Along the trails of the Boisé Du Tremblay, trees and plants rub shoulders with the remains of healthy ash trees. Since the fall, the city of Longueuil has begun an extensive process of cutting down 20,000 trees in its landscape gardens, including nearly 17,000 ash trees. Besides the significant transformation of the landscape, this approach poses many challenges to the city.
“It’s complicated because these are sensitive environments. In places where there is water, you have to act when the ground freezes, because you can’t interfere in wetlands. Elsewhere, we can’t interfere with the habitat of the tree frog, or the habitat of migratory birds,” explains Friedrich Naud, Environmental Analyst at Longueuil Engineering.
The city plans to complete the cutting in 2024, a deadline that would have been brought forward were it not for the difficulty of finding staff.
Municipal council member Jonathan Tabbara asserts, “We could have gone faster if the shears in the market were ready to receive contracts, but we see them in the invitations to tenders, there is no bid.” They do not have the internal capacity to carry out an operation of this magnitude.
“Not many companies that are doing this, and those that have the necessary equipment, are also losing their employees,” Mr. Naud adds.
(Photo: Le Courrier du Sud – Michel Hersir)
Refill wooded areas
Without setting a date, the city intends to reforest the various spaces in the coming years. Mr. Nodd stresses the importance of maintaining environments with new plants, in particular to avoid the spread of invasive species.
“In the Parc de la Cité, for example, in some places, 95% of the vegetation on Earth is invasive species. There are dead ash trees on top, and there are species you don’t want to have, which replaces the desirable ones. In the long run, It will not give a good result if we do not act to ensure the preservation of the wooded island,” he emphasizes.
However, reforestation may pose supply challenges.
Municipal Councilor Jonathan Tabara and Environmental Analyst in the Department of Engineering Longueuil Frédéric Naud. (Photo: Le Courrier du Sud – Michel Hersir)
“The nurseries are usually small family businesses, which make a maximum of two, three or four types of trees. There you reach the city or the assembly and say: I need 15,000 trees! Capacity is not available”, notes Mr. Tabra, who ensures that the city Ready to put in the amounts needed to get there.
“We’re also looking at what we can do internally, but even if we start from a nursery here in Longueuil, we have to find the land and it can take up to 10 years before we start to get over our problems.” .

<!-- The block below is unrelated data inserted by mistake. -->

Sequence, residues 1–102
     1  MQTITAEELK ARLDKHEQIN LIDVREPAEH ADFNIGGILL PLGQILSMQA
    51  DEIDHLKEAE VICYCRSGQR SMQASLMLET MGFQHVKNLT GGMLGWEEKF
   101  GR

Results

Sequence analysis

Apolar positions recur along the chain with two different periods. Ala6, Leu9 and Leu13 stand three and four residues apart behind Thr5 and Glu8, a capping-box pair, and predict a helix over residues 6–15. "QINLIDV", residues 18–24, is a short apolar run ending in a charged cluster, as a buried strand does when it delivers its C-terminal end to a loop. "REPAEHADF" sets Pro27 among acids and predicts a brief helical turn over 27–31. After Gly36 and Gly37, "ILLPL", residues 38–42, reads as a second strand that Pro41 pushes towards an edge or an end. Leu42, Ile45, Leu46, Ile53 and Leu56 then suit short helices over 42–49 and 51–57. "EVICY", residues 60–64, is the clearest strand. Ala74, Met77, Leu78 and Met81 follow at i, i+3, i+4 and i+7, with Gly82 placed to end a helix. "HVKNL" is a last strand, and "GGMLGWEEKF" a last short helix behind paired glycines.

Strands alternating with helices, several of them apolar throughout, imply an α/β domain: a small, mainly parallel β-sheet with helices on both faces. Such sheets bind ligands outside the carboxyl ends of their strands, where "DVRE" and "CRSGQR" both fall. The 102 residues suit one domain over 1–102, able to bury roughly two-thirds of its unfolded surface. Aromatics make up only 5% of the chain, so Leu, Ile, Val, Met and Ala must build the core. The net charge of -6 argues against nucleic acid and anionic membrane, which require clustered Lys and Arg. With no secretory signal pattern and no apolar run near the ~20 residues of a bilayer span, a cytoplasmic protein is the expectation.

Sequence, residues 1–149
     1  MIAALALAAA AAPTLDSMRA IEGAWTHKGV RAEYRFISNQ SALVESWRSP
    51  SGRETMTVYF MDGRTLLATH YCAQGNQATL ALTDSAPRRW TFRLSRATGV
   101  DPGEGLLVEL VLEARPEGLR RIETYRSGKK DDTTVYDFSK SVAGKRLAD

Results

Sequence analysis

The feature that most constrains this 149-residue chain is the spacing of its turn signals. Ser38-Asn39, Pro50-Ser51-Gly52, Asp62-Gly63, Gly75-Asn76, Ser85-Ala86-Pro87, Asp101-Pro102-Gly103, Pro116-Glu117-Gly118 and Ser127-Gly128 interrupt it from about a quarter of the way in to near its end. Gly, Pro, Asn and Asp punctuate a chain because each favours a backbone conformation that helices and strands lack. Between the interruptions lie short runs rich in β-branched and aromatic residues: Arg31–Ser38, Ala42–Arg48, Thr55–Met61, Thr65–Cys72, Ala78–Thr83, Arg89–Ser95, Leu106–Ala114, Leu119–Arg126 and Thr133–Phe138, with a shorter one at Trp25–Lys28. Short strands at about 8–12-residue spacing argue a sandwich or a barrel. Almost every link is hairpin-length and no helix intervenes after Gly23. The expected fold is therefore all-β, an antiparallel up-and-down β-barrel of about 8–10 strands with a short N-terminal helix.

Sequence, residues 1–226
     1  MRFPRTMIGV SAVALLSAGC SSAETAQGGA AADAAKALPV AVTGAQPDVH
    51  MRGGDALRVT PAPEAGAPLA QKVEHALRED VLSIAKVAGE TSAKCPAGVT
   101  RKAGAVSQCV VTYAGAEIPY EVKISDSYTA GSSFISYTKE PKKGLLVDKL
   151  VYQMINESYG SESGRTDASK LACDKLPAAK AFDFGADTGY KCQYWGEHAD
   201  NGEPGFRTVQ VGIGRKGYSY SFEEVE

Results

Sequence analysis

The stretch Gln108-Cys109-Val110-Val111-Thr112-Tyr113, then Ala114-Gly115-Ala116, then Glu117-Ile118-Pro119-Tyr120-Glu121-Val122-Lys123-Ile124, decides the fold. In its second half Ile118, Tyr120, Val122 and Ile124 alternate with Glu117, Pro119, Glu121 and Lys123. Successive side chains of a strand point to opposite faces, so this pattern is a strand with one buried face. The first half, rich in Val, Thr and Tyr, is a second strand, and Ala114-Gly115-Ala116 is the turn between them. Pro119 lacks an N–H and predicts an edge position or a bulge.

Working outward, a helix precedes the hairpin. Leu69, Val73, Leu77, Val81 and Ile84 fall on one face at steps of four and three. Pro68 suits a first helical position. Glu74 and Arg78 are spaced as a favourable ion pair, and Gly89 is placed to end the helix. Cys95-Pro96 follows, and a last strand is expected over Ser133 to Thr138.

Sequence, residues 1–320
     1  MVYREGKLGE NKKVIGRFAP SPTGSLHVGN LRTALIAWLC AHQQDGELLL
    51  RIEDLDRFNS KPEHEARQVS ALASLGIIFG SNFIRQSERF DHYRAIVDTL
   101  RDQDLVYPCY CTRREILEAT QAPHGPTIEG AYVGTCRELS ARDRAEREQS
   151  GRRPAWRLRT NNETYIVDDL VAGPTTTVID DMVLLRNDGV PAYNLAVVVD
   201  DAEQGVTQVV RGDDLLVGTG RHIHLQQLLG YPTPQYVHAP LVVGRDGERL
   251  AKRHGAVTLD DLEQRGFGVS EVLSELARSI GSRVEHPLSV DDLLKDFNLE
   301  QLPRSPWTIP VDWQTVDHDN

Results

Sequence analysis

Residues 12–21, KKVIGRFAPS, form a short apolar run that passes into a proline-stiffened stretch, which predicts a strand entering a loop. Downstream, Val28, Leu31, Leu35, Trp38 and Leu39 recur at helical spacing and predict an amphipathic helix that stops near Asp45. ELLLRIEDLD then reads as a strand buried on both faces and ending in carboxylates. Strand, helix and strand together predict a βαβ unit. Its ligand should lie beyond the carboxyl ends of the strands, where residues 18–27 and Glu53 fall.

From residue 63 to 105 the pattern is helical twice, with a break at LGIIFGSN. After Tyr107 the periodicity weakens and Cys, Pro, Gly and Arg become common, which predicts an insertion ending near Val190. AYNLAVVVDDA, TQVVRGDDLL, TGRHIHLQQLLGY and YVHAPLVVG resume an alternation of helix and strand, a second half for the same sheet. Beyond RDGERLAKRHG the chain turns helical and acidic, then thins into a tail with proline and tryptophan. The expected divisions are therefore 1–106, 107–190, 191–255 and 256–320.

The latter also states that reforestation in Michel Chartrand Park is impossible as long as deer slaughter does not proceed.
“We have created farms for citizens with or without containers. Inside exclusion, the survival rate is 70%. Outside is 0%.
From Ash to Ash
In the past, very large numbers of elms were found in the Montreal area. In the 1940s, Dutch elm disease wiped out many species. The alternative species chosen was ash.
“About one in five trees in the city was ash. It was one of the best choices we could make in the urban environment, because it was resistant to insects, diseases, de-icing salts and had a great canopy,” explains Frédéric Naud.
However, in 2012 the emerald ash borer appeared in Longueuil and spread uncontrollably, killing ash trees at high speed.
She’s from Asia and she wasn’t causing any problems there. It’s as if our ladybird has landed in Africa and is going to wreak havoc on the sweet potato harvest,” explains Mr. Naud.
“Then, we better learn to diversify farms!” Mentionsed.
(Photo: Le Courier de Sud – Denis Germain)
The wood of felled trees is used in different ways. In Michel-Chartrand Park, where it’s easy to get out of the woods, the city focuses on high-value timber. The latter allows in particular to make wood or hardwood floors, for example.
The city also sells grade B lumber, which is smaller, from pulp and paper and the lumber is shredded, among other things to industries that want to substitute fuel oil to heat their industrial process. She can also use the chips in landscaping.
At Boisé Du Tremblay, the wood is mostly crushed into chips and left in the woods.
If the trails of the various nature parks have to be closed, it is because fallen trees are such a great danger to pedestrians, the city emphasized in the fall. The danger was also greater where the dead ash trees were.
“Unlike other species that will remain upright even after they are dead, the roots of the ash tree will rot at the base and the tree will fall,” explains Friedrich Naud.
The tracks are now reopened to pedestrians, except for a portion of the Boisé Du Tremblay and the tracks used for winter sports in the Parc de la Cité and Parc Michel-Chartrand. For these last two cases, the city plans to carry out work in the fall.